Decktopus Content Team
But meeting presentations are just so easy to screw up. After all, compressing complicated business topics into a short series of slides is a challenge in itself. But then you also have to go and present those ideas to a group of people in such a way that they will understand and get on board with your ideas.
However, when delivered successfully, presentations may be a powerful tool for spreading your ideas. But not just that. A powerhouse presentation will also instill within the audience a fresh perspective on the presenter's authority and credibility.
And for that very purpose, here at Decktopus, we have put together a list of some of the most effective strategies you can use to plan, deliver, and follow up on your meeting presentation, so the next time you feel a bit overwhelmed, you can still get out there and captivate the audience!
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Know Your Audience
Before you put pen to paper, you first need to know to whom you will be presenting your ideas. And this means much more than knowing the names and credentials of each audience member.
A successful presenter must know her audience in excruciating detail. This includes their level of grasp on the subject, education, sense of humor, what they ate last night, and all other idiosyncrasies you can use to increase their immersion in the presentation.
Think of yourself as a second-hand car dealer. If a client came in wearing a Prada suit, you wouldn’t show them the Reliant Robin that’s been lying around for the last twenty years with rust patterns beginning to resemble famous prophets. No, you would direct them to the shiny new Mercedes that just came in yesterday.
This is because, even though you might want to sell a particular car, the client may not be interested in that specific design. And as a successful dealer, you must consider what your customer may be interested in beforehand and offer them the exact car or, in this case, presentation they want.
Use the information you have on your audience to structure your approach. For instance, you don’t want to use strings of big words if the audience isn’t as knowledgeable on the subject as you.
And similarly, decide on how much conversation grease you need to use depending on how much you think they will be invested in the presentation. For example, if you catch someone yawning, it might be just the opportunity to break the fourth wall and joke with them about the time they passed out on the copy machine.
It’s a complex recipe to make, but when you get it right, you’ll not only secure your audience’s attention but also make your message all the more memorable.
Do Your Research
A successful meeting begins before it even begins. The better your meeting preparation, the more effective your meeting will be.
When you arrive unprepared for a meeting, it shows that you aren't giving the meeting — or, more frustratingly, its audience — priority.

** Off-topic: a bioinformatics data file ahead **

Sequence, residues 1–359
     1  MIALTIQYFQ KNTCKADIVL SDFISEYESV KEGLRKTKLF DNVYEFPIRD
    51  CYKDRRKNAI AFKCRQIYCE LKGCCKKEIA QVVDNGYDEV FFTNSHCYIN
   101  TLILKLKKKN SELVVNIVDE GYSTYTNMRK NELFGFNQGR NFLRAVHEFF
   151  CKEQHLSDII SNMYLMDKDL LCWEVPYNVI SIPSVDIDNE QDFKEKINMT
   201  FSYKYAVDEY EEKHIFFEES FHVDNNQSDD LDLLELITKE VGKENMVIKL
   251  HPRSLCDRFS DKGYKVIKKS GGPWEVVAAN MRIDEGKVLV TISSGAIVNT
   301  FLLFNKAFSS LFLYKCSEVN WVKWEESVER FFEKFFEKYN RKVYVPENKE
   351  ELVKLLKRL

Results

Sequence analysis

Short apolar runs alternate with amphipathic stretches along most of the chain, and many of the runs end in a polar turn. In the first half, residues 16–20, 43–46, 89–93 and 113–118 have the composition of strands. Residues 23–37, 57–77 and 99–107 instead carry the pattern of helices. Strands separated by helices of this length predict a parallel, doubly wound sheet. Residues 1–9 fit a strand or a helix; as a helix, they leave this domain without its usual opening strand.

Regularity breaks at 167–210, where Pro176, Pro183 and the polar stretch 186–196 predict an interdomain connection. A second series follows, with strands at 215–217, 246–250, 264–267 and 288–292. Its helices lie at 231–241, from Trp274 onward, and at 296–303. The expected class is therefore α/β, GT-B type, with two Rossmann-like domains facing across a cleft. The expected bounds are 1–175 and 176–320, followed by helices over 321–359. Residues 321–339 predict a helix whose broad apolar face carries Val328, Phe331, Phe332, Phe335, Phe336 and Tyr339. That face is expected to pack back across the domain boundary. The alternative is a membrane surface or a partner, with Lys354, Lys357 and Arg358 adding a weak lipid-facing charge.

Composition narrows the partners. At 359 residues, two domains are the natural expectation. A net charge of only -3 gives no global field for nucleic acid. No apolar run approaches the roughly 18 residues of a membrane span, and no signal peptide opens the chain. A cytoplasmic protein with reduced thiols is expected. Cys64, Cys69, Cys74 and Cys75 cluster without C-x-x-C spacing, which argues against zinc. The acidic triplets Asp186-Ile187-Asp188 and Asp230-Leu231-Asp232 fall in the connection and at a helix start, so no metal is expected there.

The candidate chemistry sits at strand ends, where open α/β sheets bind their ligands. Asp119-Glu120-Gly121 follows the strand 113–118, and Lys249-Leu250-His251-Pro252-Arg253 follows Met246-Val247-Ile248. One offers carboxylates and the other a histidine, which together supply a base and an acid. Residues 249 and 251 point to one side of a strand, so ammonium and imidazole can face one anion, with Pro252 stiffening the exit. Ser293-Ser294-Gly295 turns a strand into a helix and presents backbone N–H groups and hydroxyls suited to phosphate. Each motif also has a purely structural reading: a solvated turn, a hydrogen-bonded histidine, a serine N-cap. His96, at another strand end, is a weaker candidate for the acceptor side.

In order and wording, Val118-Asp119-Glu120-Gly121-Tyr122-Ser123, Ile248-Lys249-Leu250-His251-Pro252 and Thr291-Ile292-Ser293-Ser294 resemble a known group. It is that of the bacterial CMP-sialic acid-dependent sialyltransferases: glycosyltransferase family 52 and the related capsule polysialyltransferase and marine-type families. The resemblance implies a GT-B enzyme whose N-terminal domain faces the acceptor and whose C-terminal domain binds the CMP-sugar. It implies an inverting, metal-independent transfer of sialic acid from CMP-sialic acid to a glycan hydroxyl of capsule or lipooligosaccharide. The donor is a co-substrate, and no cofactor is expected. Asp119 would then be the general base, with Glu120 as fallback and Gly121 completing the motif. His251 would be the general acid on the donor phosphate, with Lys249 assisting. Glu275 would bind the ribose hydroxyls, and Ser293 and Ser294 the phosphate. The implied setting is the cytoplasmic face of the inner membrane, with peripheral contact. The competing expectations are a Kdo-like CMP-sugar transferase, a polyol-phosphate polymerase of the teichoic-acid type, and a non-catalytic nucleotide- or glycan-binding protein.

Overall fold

The good news is that everyone can deliver captivating presentations to their audience with careful research.
To be ready for queries, you must be knowledgeable in your subject. However, you also need to know how to mold it to convey the message you want the audience to take away.
Know the presentation's goals inside and out, and try to determine what the audience will find most interesting rather than what you are most eager to share with them.
Share the statistics that will have the biggest influence on your audience and that best support your arguments. To help make your point, use graphs, charts, or other visual materials.
Also, don’t forget to prepare a list of questions in advance. You'd be surprised at how impressed the audience would be to learn that you have done your research before the meeting.
Outline Your Presentation
As we mentioned in ‘Top Presentation Statistics for 2022’ most people consider ‘the story’ the most important and memorable part of a presentation. This means that your meeting presentation has to follow a well-structured narrative.
For most purposes, a modified version of the simple three-step presentation structure will be a suitable foundation to deliver a message successfully. Let’s go into more detail on how to make good use of each step.
In any presentation, the primary objective of the introduction is to present the topic of discussion and the key message of the presentation itself. Some phrases you can use in this section are:
- 'Today I would like to talk about a very critical issue with our...'
- 'It is vital to understand that...'
- 'I believe this can be solved by...'
This section of your presentation supports your primary message. Each of your main points should be discussed in a clear and logical order. As you go, be sure to explain how these points relate to one another and to your main point. Phrases like the following may be beneficial:
- ‘Firstly, we must consider…’